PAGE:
Wildfires and Indoor Air Quality
Wildfires are currently raging in Canada and some parts of the northern U.S. While the situation is especially scary for those in the immediate vicinity, pollution from wildfires can actually carry for thousands of miles, impacting indoor air quality.
Can you see Indoor Air Quality?
If it’s bad enough – yes, you can see poor indoor air quality as smoke or as dust floating in front of a window. However, the majority of particles that make up air pollution are too small for the human eye to see. Combustion particles, such as those from forest fires, are many times smaller than a single grain of sand.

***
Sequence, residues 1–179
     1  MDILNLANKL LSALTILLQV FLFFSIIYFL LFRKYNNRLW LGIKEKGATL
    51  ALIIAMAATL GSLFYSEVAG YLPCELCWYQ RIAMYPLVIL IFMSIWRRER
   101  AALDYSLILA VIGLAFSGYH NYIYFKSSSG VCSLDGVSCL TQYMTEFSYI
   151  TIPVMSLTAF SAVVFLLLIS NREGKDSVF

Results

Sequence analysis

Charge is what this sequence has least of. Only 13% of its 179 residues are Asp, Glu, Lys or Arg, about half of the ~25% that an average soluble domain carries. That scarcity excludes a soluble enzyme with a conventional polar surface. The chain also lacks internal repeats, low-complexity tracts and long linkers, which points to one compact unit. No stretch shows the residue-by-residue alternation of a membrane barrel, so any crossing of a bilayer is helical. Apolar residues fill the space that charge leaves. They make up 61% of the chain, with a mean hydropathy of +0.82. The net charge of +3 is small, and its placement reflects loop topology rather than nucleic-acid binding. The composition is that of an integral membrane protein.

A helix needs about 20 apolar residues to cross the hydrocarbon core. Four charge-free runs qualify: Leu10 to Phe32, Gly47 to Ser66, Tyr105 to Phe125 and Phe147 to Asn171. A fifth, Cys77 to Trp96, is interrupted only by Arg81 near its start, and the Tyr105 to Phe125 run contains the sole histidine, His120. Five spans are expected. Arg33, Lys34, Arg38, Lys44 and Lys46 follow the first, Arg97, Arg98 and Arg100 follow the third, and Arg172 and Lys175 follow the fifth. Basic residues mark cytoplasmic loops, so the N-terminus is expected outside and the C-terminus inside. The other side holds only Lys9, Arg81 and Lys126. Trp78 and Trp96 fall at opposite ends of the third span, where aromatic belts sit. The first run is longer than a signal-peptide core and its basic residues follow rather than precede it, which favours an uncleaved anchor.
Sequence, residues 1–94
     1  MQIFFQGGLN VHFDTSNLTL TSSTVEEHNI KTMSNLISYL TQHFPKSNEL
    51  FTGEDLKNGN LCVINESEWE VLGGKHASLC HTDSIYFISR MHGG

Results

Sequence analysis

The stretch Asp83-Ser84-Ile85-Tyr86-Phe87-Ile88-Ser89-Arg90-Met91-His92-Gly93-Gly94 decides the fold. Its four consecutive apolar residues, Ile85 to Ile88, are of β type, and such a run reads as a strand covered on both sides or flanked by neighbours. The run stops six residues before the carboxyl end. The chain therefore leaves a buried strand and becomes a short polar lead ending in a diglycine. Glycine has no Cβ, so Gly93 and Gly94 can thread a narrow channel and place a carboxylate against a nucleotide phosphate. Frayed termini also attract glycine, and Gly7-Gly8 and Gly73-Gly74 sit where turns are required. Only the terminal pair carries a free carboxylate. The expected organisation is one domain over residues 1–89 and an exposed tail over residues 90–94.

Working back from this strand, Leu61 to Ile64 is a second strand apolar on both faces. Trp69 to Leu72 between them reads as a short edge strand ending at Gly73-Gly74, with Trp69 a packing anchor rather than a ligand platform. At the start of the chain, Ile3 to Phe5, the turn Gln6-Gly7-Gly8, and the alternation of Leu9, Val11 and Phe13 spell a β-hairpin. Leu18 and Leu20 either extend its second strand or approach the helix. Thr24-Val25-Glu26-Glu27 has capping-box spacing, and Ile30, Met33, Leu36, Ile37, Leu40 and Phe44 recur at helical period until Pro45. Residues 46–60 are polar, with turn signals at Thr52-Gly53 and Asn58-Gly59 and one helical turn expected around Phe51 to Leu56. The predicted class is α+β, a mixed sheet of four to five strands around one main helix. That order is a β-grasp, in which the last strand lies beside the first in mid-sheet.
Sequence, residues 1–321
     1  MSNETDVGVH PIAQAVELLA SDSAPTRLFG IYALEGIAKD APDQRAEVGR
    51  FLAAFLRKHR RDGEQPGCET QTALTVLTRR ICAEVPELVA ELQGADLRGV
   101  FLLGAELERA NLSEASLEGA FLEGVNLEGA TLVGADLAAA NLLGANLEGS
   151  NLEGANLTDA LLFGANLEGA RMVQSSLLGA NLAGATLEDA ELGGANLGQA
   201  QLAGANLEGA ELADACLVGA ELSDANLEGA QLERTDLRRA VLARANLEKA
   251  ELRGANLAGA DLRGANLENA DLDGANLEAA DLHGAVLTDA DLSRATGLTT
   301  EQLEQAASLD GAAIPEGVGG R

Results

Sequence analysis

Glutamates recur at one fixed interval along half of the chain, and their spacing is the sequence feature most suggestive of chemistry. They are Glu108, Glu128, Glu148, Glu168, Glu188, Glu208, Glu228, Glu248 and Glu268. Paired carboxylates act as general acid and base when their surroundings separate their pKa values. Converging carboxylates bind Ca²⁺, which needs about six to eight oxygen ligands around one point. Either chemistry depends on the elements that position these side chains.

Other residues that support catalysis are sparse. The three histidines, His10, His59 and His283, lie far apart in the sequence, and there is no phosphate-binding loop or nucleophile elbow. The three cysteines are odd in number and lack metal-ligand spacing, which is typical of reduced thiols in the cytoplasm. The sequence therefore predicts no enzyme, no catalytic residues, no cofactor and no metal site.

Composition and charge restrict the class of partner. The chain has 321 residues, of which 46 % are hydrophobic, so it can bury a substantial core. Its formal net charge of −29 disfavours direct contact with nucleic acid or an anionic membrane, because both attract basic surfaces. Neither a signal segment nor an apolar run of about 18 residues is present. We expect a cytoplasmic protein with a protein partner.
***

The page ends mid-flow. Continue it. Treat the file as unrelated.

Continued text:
Impact on health and comfort
Wildfires are far from the only source of pollution. Dust mites, mold spores, pet dander, smoke and other irritants are constantly floating in a home’s indoor air. All of these things become trapped, especially during heating and cooling seasons, and wind up in our lungs.
This isn’t good news for anyone, but has a very negative impact on family members with asthma, allergies or other respiratory conditions.
What should I do?
Our infographic below has some tips for staying healthy during wildfire season. To keep the air in your home healthy year-round, follow these simple tips:
- To reduce pollen during allergy season, remove clothes and wash immediately after being outside and shower before bed.
- Keep windows closed during air quality alerts or when pollen counts are high.
- Use an air purifier to help trap pollutants and improve indoor air quality.